Bill O'Reilly wants you to pay $50 a year to watch him bloviate

Four months after being booted from Fox News, Papa Bear is dipping his toes into premium streaming content

Published August 10, 2017 2:47PM (EDT)

Bill O'Reilly   (Getty/Ilya S. Savenok)
Bill O'Reilly (Getty/Ilya S. Savenok)

One of America’s most famous blowhards, who built his fortune peddling his views to millions of factually challenged fans, is testing the public’s willingness to pay to watch him rant about liberals, gay marriage, black people in hoodies or whatever topic du jour has angry old white men cursing at their TVs.

Four months after Bill O’Reilly was booted from Fox News over sexual harassment allegations, the 67-year-old is betting that his loyalists will follow him into the world of premium internet-based broadcasting.

“Today we are starting an experiment,” O’Reilly said in a blog post Wednesday announcing the first episode of the new streaming version of his subscriber-only “No Spin News” podcast he’s been doing since his departure from Fox. Describing his new format as a prototype, O’Reilly is hoping that viewers will pay $50 a year for the half-hour-long studio-produced streaming news show. (It’s $55 if you don’t want the subscription to automatically renew.)

Premium subscribers will have same-day access to the “No Spin News” on the night it airs, while everyone else can watch the program the following day. Yes, you'll save money by holding on for a bit to watch Bill's latest screed. But, really, who can put a price on getting to hear O'Reilly before your equally angry neighbor?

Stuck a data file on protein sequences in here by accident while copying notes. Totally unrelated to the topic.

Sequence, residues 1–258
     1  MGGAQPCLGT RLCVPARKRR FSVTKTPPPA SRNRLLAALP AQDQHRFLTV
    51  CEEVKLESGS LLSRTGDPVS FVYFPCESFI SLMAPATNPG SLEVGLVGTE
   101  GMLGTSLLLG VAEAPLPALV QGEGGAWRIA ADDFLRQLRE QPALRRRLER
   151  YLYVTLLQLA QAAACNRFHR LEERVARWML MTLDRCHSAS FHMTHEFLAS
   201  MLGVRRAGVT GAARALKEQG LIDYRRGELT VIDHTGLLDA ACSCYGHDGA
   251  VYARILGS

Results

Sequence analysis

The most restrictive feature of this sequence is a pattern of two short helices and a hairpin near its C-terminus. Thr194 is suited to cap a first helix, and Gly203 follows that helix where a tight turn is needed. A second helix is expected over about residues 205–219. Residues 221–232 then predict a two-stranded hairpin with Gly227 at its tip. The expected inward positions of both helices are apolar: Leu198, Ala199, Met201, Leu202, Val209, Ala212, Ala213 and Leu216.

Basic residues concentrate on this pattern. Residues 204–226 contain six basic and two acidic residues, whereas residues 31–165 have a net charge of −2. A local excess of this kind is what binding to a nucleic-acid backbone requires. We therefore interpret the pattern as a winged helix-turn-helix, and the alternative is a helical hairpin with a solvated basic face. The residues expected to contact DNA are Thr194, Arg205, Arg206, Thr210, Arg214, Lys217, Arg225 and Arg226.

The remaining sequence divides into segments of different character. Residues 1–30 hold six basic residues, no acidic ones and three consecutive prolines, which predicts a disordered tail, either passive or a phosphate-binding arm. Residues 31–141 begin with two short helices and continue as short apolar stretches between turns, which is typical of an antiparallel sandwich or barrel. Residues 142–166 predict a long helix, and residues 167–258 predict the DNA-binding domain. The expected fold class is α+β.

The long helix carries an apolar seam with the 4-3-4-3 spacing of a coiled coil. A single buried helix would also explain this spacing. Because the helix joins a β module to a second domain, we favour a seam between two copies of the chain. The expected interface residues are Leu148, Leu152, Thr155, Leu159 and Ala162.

Subscribers will also get access to 10 years’ worth of O’Reilly’s right-wing views from his Fox News program “The O’Reilly Factor,” as well as a daily newsletter, access to a members-only message board and a free gift, such as a “No Spin” hat or a copy of one of O’Reilly’s books on American history. All things considered, it's an impressive bargain for anyone who desperately hates "thugs" as much as they love Ann Coulter.

The program debuted Wednesday evening with O’Reilly dressed in a suit and tie rather than the more casual wear he’s been sporting on his podcast. But the content remains largely the same as it has been since he started at Fox in 1996 — right-wing takes on the day’s headlines. On Wednesday night he discussed President Donald Trump’s ominous response to North Korea’s Kim Jong-un’s threats and the FBI raid on the home of former Donald Trump campaign manager Paul Manafort.

He also interviewed two guests via Skype during his debut program, radio and TV host Michael Smerconish and syndicated columnist Ruben Navarrette, both of whom have praised the O’Reilly in the past.

“I suspect he'll attract a sizable audience,” Smerconish told The Hollywood Reporter. “Passion sells.”

Indeed, O’Reilly’s passion made “The O’Reilly Factor” the top cable news program for 15 consecutive years, bringing in about $40 million in quarterly ad revenue in 2016.   

Some have questioned whether O’Reilly can succeed in the premium streaming space. O’Reilly acknowledged in his August 3 podcast it might be difficult to get his older fans to switch from the cable box to the internet. O’Reilly has always had a core fan base among older Americans, so the trick will be to see how many of his younger more tech-savvy fans are willing to pay for the new show.

With so much opinion-peddling in the media today, it might not be easy to convince people to pay for spin. But this is Papa Bear, and Papa Bear had more than 3.6 million viewers ages 25-54 who watched him on Fox. That’s a lot of potential bear cubs.

By Angelo Young

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